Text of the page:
Modernizing the FDA: an incremental revolution.
The U.S. Food and Drug Administration (FDA) is responsible for protecting consumers from unsafe or ineffective drugs and medical devices. The agency's role is defined by a growing and increasingly complex set of statutes, which reflect Congress's desires, on the one hand, to prevent product hazards and, on the other, to expedite FDA review and approval of promising new medical technologies. Congress's latest attempt to calibrate regulation to achieve these goals, the 1997 Food and Drug Administration Modernization Act, endorses certain of the FDA's own innovations and changes in the agency's ways of doing business. (+info)
Pharmaceutical donations by the USA: an assessment of relevance and time-to-expiry.
This paper assesses the relevance and time-to-expiry of pharmaceutical donations by the USA by means of a convenience sample of two private voluntary organizations. Data were collected on 16,566 donations shipped between 1994 and 1997 for the two organizations to a total of 129 countries. For three field study countries (Armenia, Haiti, and the United Republic of Tanzania), between 37% and 65% of donated unique drug products were on the recipient countries' essential drugs lists, and between 50% and 80% were either on these lists or were permissible therapeutic alternatives. Between 10% and 42% were not listed on either the national essential drugs lists or the WHO Model List of Essential Drugs, nor were they permissible therapeutic alternatives. For the worldwide data set, the median times to expiry when shipment by the organizations took place were 599 and 550 days; about 30% of shipment items had a year or less of shelf-life, and about 6% had less than 100 days of shelf-life. Although a majority of the donations fulfilled the criteria of relevance and time-to-expiry, a substantial proportion failed to do so. Actions are proposed with a view to improving the relevance and time-to-expiry of USA pharmaceutical donations. (+info)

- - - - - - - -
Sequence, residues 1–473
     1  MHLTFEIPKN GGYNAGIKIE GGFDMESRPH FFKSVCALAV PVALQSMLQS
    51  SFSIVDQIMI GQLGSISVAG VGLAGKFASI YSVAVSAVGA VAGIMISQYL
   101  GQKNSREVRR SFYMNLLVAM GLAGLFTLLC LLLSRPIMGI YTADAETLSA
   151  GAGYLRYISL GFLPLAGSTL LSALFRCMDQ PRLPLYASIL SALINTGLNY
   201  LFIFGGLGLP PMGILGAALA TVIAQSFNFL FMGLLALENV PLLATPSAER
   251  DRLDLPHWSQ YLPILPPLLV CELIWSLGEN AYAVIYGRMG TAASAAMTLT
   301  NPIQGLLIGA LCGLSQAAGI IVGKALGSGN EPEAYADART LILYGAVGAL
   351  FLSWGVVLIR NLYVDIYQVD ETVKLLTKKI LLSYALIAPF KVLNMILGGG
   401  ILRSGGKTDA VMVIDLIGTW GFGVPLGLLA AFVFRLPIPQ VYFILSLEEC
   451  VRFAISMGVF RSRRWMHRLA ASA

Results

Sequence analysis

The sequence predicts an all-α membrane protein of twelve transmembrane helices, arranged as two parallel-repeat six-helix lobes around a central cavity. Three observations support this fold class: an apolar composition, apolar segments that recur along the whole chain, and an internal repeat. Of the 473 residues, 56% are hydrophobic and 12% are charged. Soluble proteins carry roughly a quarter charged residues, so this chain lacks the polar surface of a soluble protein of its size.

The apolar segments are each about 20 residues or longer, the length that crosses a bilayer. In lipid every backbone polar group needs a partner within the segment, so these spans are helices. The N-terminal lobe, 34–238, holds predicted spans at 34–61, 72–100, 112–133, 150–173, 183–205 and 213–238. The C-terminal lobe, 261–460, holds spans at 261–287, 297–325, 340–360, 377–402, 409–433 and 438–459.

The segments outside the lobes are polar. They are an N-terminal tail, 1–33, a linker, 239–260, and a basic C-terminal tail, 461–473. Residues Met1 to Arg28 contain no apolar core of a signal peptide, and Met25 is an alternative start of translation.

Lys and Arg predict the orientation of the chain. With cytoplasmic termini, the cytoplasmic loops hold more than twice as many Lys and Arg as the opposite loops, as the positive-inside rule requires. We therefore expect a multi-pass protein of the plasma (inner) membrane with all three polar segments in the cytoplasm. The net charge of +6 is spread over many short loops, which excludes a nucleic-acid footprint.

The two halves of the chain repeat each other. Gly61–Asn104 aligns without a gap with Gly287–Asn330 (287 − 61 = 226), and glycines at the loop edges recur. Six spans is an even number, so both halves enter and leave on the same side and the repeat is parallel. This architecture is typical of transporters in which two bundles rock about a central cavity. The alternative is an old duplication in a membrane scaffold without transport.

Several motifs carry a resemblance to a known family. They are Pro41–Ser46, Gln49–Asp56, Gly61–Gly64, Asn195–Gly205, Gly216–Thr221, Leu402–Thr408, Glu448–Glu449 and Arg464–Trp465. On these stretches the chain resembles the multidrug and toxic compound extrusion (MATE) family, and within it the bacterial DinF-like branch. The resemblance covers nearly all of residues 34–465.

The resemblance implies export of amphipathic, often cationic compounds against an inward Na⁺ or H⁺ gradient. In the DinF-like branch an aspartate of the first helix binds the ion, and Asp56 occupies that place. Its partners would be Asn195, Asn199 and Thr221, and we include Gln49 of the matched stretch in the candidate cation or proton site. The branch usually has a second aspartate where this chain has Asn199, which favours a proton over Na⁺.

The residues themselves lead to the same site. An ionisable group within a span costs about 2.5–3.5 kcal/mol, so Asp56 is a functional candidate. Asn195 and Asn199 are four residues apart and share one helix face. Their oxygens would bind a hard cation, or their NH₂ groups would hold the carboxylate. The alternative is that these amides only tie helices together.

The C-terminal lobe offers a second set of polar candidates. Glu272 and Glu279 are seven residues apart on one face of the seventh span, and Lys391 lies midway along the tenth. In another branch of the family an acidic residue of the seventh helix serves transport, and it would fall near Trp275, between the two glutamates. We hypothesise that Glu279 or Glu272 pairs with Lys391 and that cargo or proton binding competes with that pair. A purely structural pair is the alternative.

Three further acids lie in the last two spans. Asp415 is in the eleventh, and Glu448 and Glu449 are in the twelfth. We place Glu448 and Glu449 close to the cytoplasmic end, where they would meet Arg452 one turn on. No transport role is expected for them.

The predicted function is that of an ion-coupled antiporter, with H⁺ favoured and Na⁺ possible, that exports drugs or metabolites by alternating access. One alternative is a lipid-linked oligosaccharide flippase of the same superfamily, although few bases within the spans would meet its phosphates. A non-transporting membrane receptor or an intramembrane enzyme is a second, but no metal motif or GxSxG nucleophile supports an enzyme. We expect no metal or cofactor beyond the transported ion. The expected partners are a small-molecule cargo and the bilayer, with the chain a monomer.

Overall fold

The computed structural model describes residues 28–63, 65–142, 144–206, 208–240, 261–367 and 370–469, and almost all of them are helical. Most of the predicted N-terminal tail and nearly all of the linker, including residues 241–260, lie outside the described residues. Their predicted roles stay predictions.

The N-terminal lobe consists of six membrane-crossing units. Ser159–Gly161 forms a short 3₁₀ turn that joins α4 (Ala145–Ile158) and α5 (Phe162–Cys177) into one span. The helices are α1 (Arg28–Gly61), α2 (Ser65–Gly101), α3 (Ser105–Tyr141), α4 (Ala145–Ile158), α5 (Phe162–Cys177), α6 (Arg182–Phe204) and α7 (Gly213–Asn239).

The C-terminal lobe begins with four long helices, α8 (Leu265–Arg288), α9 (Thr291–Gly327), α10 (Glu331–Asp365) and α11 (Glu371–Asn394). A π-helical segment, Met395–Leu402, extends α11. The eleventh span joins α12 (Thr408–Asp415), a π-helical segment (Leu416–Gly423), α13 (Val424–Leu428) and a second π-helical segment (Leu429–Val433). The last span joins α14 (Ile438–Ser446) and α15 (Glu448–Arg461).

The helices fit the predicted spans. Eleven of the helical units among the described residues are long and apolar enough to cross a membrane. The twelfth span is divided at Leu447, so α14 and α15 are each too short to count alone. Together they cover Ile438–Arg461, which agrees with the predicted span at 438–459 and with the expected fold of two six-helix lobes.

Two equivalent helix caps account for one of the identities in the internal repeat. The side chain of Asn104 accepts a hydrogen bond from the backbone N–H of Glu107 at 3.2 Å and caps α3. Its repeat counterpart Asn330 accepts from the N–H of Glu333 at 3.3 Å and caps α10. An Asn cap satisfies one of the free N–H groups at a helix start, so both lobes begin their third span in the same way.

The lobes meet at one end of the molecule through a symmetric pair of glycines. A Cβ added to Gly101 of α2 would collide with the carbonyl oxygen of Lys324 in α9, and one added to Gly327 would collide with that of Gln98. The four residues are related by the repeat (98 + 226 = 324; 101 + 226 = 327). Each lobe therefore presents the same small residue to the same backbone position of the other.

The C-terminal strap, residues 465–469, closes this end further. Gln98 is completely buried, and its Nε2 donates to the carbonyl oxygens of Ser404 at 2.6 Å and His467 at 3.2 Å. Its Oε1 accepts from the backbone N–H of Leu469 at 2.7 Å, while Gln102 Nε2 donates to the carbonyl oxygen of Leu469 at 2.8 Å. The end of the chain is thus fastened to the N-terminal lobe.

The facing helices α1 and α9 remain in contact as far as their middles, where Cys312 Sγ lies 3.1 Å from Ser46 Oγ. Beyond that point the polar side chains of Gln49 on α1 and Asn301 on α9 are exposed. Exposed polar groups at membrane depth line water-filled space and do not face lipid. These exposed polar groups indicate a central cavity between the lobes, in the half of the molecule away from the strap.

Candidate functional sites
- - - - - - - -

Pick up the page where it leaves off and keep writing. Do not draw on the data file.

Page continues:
Effects of written drug information on patient knowledge and compliance: a literature review.
The prospect of patient-oriented prescription drug labeling has focused increased attention on the effectiveness of written information for the consumer. Studies which have evaluated the effects of written prescription drug information in a patient population are reviewed. Several studies indicate that written information can be effective in improving patient compliance with regimens for antibiotic therapy. However, for drugs used on a long-term basis, written information as a sole intervention has not been shown to be sufficient for improving patient compliance. Patient knowledge of less commonly known information, such as precautions, side effects, or special directions is frequently improved by written information. Listing a drug's side effects has not been shown to increase the reported experience of side effects; however, one study suggests that patients may be more willing to report side effects to a health professional if they are listed in the written information. The trend for recent studies has been to focus on the "milieu" in which written information is provided or to systematically vary structural features of the information in order to improve the quality of drug communications. (+info)
Functional foods: the Food and Drug Administration perspective.
Because the Federal Food, Drug, and Cosmetic Act (FFDCA) does not provide a statutory definition of functional foods, the Food and Drug Administration has no authority to establish a formal regulatory category for such foods. The primary determinant of the regulatory status of a food is its intended use, which is determined largely by the label and labeling information accompanying the product. This information includes nutrient information, nutrient content claims, and various types of health claims. In marketing these foods, manufacturers may come under one of several existing regulatory options. The first decision manufacturers will make that will help determine their product's regulatory status is whether the product is a food or a drug. Thus, manufacturers and retailers have a range of legal and regulatory categories in which their products may be classified. This article describes the definitions provided in the FFDCA for a drug and a food, the safety and labeling requirements of various food categories, and types of possible claims for dietary supplements. (+info)
Unlicensed and off-label medication use in a general pediatrics ambulatory hospital unit in Israel.